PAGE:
Anywhoo, the gist of the article is that kids are getting autism DXes earlier and earlier and therapists are reporting more good outcomes as a result. That's all very well and good. I'm all for getting people all the education they need as soon as possible. But it makes me wonder.

In the not to distant past (like, say, last year) the conventional wisdom was take a wait and see attitude to developmental difference. That meant that some kids who might have benefited from early intervention didn't get it. But I am sure that, in many cases, after waiting and seeing, it turned out that the kids were fine and they bumped along without anything particularly special being done for them. (If such outcomes were not commonplace, doctors would not have been taking a wait and see approach.)

Now, if people aren't waiting and seeing anymore, and kids are getting the intervention as soon as they show signs of deviance, is it surprising that many of these kids have "good outcomes"? Say you've got 100 one-year-old kids in 1980, and ten of them seem odd. When these kids are six, let's say two of them are autistic. So they try some intervention and, at age ten, they are still autistic. Now, in 2003, you 100 one-year-old kids, and ten of them seem odd. You give them all intervention. Five years later, the kids are six years old and it turns out that two are autistic. The only difference is that the therapists tell us that, because we started early, eight of the kids had remarkably good outcomes. Yay!

I'm not saying that is the only thing that is going on, but I bet it counts for some of it.

This would not be an issue if it were not for the catastrophizing of autism. I'm all for docs and other folks monitoring child development and offering supports where it seems they could be useful. But once they stick the autism label on, they are likely to jump right into 40 hours a week of ABA and who knows what kind of other stuff. I'm not sure that's such a great idea.

I guess I will never know how things would have turned out it we had started with massive interventions when MK was a toddler. Maybe he'd be even more wonderful than he is now. Maybe he'd be even happier and comfortable about his place in the world. Maybe. But I can't help thinking that normal childhoods carry some advantages too.

And MK is autistic. He's had a bazillion hours of interventions one way or another, anyway. If the kid in question were not even autistic, just developing at their own pace, it would seem even more odd to take them away from time that could have been profitably spent crawling around the living room and viewing the world from the back of a supermarket trolley.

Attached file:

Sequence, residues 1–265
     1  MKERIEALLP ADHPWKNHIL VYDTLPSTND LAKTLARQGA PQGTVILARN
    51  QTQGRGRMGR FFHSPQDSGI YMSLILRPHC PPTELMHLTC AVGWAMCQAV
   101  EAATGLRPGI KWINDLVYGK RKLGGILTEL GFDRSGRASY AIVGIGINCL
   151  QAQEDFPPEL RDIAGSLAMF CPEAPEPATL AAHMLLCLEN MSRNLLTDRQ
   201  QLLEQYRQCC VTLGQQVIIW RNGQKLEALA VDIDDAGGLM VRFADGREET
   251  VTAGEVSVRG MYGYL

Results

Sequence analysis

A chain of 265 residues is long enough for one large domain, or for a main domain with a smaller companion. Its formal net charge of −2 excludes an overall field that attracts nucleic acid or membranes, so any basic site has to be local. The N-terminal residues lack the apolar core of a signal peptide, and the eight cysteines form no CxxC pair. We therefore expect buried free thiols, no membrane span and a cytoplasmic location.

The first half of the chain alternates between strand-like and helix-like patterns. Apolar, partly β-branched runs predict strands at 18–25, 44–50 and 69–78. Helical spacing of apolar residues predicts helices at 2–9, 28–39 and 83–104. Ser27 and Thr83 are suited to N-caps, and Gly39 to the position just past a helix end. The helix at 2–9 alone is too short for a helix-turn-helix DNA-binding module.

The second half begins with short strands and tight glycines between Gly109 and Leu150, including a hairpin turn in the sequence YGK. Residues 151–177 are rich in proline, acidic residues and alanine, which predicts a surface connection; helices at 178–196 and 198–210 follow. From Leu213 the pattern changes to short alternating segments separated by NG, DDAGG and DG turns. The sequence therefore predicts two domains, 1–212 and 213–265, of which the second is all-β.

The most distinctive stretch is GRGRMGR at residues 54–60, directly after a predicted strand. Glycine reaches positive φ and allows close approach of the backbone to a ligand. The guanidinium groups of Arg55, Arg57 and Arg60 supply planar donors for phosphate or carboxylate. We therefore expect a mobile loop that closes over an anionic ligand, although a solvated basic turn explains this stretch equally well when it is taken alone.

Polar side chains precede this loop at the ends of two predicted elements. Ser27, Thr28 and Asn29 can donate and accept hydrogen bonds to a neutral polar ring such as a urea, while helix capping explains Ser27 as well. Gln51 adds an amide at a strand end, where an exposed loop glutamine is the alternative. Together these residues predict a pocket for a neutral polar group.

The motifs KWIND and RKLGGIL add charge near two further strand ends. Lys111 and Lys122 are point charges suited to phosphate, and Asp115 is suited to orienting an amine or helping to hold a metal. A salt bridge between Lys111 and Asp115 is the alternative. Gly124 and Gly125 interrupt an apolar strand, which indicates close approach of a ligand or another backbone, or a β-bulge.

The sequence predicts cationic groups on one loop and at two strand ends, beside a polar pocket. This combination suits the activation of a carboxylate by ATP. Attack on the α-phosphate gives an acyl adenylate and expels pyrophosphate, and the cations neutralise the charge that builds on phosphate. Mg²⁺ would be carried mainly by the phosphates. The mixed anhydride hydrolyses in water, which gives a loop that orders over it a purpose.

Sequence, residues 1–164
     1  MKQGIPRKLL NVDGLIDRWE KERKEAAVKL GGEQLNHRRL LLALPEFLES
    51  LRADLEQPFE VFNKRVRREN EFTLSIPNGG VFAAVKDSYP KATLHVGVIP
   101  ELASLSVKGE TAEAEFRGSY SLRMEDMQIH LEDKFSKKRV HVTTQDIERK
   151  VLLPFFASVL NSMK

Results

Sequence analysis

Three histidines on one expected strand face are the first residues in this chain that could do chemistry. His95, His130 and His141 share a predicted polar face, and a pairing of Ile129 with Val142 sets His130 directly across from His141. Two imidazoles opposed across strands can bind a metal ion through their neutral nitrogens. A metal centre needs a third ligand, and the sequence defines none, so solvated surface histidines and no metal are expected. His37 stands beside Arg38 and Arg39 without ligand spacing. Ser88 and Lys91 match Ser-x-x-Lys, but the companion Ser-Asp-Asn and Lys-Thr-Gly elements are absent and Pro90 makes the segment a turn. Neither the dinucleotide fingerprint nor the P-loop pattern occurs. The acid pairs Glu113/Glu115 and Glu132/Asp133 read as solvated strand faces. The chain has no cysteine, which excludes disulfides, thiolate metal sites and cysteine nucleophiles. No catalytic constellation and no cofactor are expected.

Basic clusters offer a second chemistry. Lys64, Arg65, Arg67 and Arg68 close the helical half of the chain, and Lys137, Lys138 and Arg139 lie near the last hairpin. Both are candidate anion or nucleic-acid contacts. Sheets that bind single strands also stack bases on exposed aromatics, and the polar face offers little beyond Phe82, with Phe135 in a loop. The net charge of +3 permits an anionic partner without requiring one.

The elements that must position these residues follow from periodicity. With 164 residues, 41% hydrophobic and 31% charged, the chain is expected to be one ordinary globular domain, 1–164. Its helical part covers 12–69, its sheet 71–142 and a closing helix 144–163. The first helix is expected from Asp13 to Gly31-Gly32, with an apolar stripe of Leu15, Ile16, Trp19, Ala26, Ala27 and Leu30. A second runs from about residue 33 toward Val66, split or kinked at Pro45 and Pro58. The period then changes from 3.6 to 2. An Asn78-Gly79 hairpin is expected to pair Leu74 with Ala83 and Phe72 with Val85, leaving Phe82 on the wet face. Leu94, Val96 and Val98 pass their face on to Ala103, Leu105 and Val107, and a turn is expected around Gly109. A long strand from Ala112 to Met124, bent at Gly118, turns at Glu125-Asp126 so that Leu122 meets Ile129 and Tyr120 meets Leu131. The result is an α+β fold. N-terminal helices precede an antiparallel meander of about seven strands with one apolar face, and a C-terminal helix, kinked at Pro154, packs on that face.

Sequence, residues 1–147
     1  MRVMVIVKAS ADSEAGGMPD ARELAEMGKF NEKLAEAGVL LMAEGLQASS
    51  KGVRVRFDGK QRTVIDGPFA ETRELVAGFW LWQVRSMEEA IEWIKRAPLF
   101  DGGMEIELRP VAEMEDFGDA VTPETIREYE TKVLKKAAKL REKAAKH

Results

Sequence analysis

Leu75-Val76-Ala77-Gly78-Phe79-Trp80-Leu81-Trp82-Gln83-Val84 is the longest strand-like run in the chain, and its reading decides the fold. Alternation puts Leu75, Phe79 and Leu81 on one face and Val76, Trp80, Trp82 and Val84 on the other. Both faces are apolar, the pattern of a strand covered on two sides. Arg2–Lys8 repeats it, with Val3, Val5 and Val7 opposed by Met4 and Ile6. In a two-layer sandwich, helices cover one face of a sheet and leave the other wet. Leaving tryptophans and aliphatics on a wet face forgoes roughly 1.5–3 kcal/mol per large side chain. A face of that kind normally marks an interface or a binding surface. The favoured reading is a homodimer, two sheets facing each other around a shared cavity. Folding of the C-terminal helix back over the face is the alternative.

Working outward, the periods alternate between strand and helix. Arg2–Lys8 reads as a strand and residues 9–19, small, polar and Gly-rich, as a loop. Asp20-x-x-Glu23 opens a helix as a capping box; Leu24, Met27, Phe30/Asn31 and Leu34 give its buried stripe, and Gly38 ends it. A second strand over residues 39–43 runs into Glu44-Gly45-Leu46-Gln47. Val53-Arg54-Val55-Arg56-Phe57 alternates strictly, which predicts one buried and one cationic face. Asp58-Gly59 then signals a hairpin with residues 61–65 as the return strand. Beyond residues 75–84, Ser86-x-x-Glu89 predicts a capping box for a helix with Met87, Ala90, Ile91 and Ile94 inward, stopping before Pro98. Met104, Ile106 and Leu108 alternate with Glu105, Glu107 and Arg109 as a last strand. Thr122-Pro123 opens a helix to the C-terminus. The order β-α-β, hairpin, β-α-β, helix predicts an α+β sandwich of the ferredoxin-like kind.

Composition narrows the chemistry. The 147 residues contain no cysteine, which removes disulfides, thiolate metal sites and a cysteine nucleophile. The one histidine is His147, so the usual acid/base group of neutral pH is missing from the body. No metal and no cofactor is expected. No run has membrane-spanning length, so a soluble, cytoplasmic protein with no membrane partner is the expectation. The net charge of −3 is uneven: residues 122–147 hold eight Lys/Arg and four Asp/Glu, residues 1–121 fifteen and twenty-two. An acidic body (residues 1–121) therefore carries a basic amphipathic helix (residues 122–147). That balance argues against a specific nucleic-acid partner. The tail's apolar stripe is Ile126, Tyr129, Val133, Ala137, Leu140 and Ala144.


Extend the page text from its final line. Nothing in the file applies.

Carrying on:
I don't know if I'm making any sense. Maybe I'm just rambling, in celebration of the fact that I have time to do so for once.

Tuesday, June 10, 2008

Nice Story

I heard a cool story on the Colbert Report. You can watch it yourself if you go to and look for the Colbert Report with Alan Rabinowitz. They have all their stuff available to watch online. Unfortunately, I can't link to it because they route things regionally, so you would have to go and find it yourself.

Anyway this story is of Alan Rabinowitz who is a hotshot zoologist who has a new book out about saving tigers and other big cats from extinction.

Apparently, when he was a kid, he had a very severe stutter, so bad that he could not communicate. He had a rough time at school in the special ed class. But although he could not speak to people at school, he could speak to his pet animals at home in his room. So animals were his confidants. And it occurred to him, as a kid, that, like him, animals had thoughts and feelings, but could not speak. So he promised his animals that, if he could learn to control his stutter and speak, he would be their voice. He has obviously succeeded. In his fifties now, you could just detect the stutter at times. You could also detect that he was running additional meta-processing to be able to produce fluent speech.

It's a simple story of a guy with a language disorder who found in his own condition a way to look beyond himself and to challenge himself and who, without being cured of his disorder, went on to do amazing things that he really enjoyed.

I liked it.

Saturday, June 7, 2008

Understanding, it's a two way street

Recently I've been reading a lot of blog posts and comments about messed up things that teachers and other people do to autistic kids. It sucks when people are mean to kids. It's really common and it really sucks. I think we should all work in our communities to reduce the amount of mean stuff done, and particularly when it's done to kids.